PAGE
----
Malnutrition or malnourishment is a condition that results from eating a diet in which nutrients are either not enough or are too much such that the diet causes health problems. It may involve calories, protein, carbohydrates, vitamins or minerals.
When a person is not getting enough food or not getting the right sort of food, malnutrition is just around the corner. Even if people get enough to eat, they will become malnourished if the food they eat does not provide the proper amounts of micronutrients – vitamins and minerals – to meet daily nutritional requirements.
Disease and malnutrition are closely linked. Sometimes disease is the result of malnutrition, sometimes it is a contributing cause. In fact, malnutrition is the largest single contributor to disease in the world, according to the UN’s Standing Committee on Nutrition (SCN).
When infected with the HIV virus the body’s defence system – the immune system – works harder to fight infection. This increases energy and nutrient requirements. Further infection and fever also increase the body’s demand for food. Once people are infected with HIV they have to eat more to meet these extra energy and nutrient needs. Such needs will increase even further as the HIV/AIDS symptoms develop.
People with HIV/AIDS often do not eat enough because:
Food, once eaten, is broken down by digestion into nutrients. These nutrients pass through the gut walls into the bloodstream and are transported to the organs and tissues in the body where they are needed. One of the consequences of HIV and other infections is that since the gut wall is damaged, food does not pass through properly and is consequently not absorbed.
Diarrhoea is a common occurrence in people with HIV/AIDS. When a person has diarrhoea the food passes through the gut so quickly that it is not properly digested and fewer nutrients are absorbed.
Reduced food intake and absorption lead to weight loss and malnutrition.
When a person does not eat enough food, or the food eaten is poorly absorbed, the body draws on its reserve stores of energy from body fat and protein from muscle. As a result, the person loses weight because body weight and muscles are lost.
The weight loss may be so gradual that it is not obvious. There are two basic ways to discover whether weight is being lost.
If a person loses weight he or she needs to take action to increase weight to the normal level.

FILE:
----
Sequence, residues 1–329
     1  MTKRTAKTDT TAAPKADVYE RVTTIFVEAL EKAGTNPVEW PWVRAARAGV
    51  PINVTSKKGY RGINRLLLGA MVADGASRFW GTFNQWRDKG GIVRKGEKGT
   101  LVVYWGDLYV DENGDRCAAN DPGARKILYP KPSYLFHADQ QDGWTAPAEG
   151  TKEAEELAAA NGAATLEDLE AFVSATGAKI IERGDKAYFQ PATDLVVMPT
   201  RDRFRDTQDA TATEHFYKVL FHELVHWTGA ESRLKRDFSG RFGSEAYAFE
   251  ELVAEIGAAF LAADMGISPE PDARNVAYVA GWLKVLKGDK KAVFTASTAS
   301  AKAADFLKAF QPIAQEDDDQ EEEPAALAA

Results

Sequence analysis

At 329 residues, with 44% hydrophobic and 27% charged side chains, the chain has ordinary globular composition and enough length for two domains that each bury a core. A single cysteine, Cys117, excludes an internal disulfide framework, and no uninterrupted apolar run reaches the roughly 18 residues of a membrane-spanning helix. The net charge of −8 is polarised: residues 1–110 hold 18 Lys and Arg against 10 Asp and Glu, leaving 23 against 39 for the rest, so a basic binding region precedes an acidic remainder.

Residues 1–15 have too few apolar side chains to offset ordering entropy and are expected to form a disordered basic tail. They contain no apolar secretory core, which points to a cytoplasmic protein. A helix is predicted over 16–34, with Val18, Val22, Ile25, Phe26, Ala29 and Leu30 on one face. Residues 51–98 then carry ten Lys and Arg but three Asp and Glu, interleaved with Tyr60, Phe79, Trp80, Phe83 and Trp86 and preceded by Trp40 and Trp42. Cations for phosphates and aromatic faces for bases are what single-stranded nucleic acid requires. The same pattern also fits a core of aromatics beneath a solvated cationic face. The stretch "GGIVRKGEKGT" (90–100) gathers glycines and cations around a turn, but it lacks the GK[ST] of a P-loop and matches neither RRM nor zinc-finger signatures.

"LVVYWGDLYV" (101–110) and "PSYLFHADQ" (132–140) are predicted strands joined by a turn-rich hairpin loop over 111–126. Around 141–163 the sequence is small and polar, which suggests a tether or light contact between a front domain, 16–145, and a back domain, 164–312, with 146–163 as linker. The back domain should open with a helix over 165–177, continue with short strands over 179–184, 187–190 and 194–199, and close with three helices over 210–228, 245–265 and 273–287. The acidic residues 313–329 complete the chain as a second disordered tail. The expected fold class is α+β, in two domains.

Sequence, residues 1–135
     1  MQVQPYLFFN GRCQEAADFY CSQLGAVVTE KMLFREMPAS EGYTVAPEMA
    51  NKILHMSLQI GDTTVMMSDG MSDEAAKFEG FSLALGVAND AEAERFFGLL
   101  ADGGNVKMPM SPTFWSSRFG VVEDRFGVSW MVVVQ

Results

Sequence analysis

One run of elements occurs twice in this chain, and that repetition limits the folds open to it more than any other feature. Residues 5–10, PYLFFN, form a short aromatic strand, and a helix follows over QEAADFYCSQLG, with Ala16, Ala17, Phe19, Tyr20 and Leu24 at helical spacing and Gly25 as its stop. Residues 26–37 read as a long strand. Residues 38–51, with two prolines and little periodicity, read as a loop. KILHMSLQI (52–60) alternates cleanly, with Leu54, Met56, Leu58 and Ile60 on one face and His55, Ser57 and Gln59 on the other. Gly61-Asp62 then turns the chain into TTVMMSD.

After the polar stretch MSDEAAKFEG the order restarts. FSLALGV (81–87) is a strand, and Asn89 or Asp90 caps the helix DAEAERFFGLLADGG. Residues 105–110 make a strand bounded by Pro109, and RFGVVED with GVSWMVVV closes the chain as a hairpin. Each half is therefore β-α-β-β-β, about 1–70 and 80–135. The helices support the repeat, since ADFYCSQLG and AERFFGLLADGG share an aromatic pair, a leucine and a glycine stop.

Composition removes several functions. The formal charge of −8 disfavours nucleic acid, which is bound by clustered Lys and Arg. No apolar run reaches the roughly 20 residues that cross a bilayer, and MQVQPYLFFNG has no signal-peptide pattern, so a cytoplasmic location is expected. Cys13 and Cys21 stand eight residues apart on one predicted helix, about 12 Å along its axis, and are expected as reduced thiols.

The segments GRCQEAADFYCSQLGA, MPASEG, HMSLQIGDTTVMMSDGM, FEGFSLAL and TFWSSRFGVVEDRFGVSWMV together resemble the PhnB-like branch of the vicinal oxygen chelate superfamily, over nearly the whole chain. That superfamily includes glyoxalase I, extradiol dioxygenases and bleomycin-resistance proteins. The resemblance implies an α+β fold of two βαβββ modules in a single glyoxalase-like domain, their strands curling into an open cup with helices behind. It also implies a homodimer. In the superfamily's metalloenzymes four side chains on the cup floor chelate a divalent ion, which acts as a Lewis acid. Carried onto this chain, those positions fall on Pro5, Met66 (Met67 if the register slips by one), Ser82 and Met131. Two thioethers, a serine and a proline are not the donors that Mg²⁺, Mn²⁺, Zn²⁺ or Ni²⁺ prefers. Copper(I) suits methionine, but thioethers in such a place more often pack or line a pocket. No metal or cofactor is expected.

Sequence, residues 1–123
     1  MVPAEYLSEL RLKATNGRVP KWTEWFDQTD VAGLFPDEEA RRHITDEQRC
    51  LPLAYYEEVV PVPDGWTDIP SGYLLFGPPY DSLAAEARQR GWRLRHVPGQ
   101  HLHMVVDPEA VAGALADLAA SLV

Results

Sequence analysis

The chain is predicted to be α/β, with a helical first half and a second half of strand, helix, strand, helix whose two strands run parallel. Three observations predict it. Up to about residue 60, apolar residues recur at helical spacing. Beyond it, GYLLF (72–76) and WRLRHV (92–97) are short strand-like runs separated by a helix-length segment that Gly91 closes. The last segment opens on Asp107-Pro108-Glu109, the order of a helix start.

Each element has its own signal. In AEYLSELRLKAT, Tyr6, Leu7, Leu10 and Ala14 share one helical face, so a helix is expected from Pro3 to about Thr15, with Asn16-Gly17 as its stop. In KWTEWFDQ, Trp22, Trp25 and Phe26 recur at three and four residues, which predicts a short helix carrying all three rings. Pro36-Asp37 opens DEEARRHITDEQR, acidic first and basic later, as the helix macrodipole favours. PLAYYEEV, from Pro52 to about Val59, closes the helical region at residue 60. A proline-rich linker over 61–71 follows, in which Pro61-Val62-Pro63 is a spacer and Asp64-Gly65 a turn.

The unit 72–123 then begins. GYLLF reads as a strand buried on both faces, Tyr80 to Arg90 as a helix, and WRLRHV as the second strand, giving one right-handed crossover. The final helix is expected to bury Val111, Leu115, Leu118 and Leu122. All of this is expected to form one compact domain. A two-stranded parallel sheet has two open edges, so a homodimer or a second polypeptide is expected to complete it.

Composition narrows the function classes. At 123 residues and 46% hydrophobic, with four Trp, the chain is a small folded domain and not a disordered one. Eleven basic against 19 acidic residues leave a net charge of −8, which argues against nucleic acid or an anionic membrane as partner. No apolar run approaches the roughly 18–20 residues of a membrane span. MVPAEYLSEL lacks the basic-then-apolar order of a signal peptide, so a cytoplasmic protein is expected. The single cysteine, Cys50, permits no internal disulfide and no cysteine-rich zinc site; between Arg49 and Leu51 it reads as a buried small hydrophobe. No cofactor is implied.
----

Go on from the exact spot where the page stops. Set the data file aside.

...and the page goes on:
Weight is gained by eating more food, either by eating larger portions and/or eating meals more frequently, using a variety of foods as described in the previous chapter. Here are some suggestions for gaining weight:
If poor appetite persists or the person is ill, it is a good idea to spread the food intake throughout the day. Snacks should be included in the daily meal plan.
Regular exercise makes a person feel more alert, helps to relieve stress and stimulates the appetite. Exercise is the only way to strengthen and build up muscles. The body uses muscles to store energy and protein that the immune system can draw upon when required. Exercise is therefore especially important for maintaining the health of people with HIV/AIDS.
It may be that everyday activities such as cleaning, working in the field and collecting firewood and water provide enough exercise. If a person’s work does not involve much exercise, an enjoyable exercise programme should be found that can be part of his or her daily life. Exercise should not be tiring or stressful; gentle muscle-building exercise is recommended. Walking, running, swimming or dancing are all suitable. People living with HIV/AIDS need to make an effort to find the exercise that they enjoy and that suits their situation.
Infection increases the body’s requirements for nutrients. Illness also reduces the appetite and the ill person will eat less food, causing weight loss. Recommendations for dealing with poor appetite, diarrhoea, vomiting, sore mouth and nausea are given in Chapter six.
Early treatment of infection is important to maintain body weight. If infection persists and cannot be cured by nutritional management within a couple of days, advice and treatment should be sought from a doctor, nutritionist, nurse or local health worker.
Once the infection is over and the person is feeling better, he or she should start eating normally again. It is important to regain the weight lost as soon as possible and to restore the body’s nutritional reserves.
Try to eat three good meals daily with frequent snacks in between.